Apologies for the lack of whitterings, but things have been a little crazy and I’ve been a little under the weather.

Middle of last week I met Doriane at the station, who’s currently over looking for somewhere to live in Munich while she’s studying for the winter semester at LMU, and then (after being sent home with low blood pressure) I met Matt at the airport on Friday.

Saturday was spent at the zoo with Herr Ben and my colleague C, who very kindly agreed to come along and was most bemused with my antics at the penguin enclosure. I will write a longer post with video footage (oh yes, there are videos) and photos, otherwise it won’t do justice to the penguin enclosure zoo.

Sunday morning was spent watching Herr Ben playing football and being given a yellow card part way through. Tsk, tsk.

Oh, and I ended up making an absolute howler yesterday on the language front – so bad I can only sit here and laugh about it to myself. I had a phonecall yesterday from one of the heads of department who wanted to speak with my boss and asked for (rather quickly and in a heavy Bavarian accent) what sounded like her “Durchfall”.

He actually said “Durchwahl”, meaning direct number, not her diahorrea, which was a relief.

German language: 2; Becca: 0.

Travellings: Deutschland #11 Rematch Results

I went go-carting yesterday and woke up this morning with bruises up my spine and the following witty little ditty posted on my facebook wall from the rather full of himself Herr Ben:

“Becca Bourne, born to win?
Given the results, she might think it’s a sin.
She had shown promise and time to adapt,
But yet again by Ben she got lapped.

Credit though where credit’s due,
She mixed it with the boys and overtook a few.
Maybe next time round she’ll chance her arm,
What’s that old saying? Third time’s a charm.”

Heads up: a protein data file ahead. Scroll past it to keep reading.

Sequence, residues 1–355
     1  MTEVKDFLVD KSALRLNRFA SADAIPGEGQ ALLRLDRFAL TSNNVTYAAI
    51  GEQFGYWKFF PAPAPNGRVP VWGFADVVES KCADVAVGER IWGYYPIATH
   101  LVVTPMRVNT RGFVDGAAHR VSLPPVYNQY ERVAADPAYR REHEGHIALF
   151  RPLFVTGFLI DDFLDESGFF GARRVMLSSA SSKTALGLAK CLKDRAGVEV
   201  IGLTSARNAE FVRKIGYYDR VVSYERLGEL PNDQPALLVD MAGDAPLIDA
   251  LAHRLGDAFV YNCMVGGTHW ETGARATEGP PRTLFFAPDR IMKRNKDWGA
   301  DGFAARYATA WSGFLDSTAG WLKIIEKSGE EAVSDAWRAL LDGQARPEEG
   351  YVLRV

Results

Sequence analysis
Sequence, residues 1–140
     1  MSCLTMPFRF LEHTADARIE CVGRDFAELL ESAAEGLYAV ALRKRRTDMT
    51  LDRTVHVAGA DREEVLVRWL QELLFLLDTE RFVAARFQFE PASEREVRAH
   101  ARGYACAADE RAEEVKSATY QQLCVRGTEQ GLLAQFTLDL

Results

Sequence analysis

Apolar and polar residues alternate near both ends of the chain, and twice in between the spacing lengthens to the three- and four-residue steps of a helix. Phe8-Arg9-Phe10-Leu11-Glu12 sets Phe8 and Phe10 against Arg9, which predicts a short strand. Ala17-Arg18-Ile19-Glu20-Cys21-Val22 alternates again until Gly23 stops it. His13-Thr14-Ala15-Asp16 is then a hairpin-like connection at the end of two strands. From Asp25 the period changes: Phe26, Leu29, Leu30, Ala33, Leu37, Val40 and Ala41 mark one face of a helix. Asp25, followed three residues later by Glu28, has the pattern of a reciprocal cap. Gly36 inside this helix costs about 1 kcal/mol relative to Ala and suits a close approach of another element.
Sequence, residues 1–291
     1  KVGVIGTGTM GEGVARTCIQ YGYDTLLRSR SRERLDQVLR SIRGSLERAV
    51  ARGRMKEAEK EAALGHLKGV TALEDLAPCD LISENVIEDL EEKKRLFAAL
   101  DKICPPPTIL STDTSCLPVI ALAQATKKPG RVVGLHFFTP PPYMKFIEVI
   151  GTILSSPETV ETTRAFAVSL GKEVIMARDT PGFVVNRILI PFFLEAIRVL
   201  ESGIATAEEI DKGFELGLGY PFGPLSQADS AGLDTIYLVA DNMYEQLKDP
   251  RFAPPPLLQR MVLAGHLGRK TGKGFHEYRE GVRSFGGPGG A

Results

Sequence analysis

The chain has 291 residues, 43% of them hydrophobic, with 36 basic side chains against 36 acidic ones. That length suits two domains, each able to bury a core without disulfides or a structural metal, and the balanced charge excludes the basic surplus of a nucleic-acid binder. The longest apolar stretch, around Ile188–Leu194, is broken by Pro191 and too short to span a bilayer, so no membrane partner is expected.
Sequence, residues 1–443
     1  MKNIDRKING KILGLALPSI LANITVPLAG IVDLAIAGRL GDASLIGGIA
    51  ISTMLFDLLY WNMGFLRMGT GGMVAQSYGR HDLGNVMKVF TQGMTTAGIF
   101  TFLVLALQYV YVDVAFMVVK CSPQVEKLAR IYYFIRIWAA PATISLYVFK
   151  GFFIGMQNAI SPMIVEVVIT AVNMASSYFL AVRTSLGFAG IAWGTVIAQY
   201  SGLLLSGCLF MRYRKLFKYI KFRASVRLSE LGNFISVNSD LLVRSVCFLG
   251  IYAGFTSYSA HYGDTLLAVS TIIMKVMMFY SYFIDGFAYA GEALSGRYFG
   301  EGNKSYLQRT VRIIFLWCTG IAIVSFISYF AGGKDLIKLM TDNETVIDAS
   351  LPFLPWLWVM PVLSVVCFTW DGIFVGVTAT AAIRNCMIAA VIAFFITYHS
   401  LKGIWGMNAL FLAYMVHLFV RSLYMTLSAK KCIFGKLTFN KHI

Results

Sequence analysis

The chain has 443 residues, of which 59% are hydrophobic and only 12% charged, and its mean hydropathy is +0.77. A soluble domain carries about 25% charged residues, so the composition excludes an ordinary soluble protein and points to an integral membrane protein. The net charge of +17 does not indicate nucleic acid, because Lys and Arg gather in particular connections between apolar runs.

So whilst trying to laugh quietly enough so as not to wake my Mitbewohnern, it reminded me to write up yesterday’s results.

The most encouraging part of this is the huge improvement I made, so I’m now just a couple of seconds behind Herr Ben. So given how I have once again proven to be a quick learner, I reckon next time he’ll have to make sure he doesn’t get too complacent…

When we eventually got onto the track, it turns out that I was a) the youngest person on the track and b) the only girl/woman in the group starting off. We were driving for 15 minutes all in all, and the glorious times are as follows:

Go-carting Results Rounds 1 & 2

Lap       Ben1            Becca1           Ben2           Becca2
1            1:16.11        1:23.62          1:01.81      1:16.20

2            1:06.79      1:35.17          1:01.27      1:05.73

3            1:05.92       1:15.73          1:00.27     1:03.30

4            1:05.23        1:13.17         1:00.65     1:03.60

5            1:04.31        1:10.70         59.40         1:04.29

6            1:08.09        1:07.69         59.31         1:03.49

7            1:05.63       1:17.35          1:02.46      1:02.70

8            1:13.18         1:10.49         1:00.28      1:01.87

9            1:06.09                            59.80         1:03.06

10                                                   1:00.60      1:03.52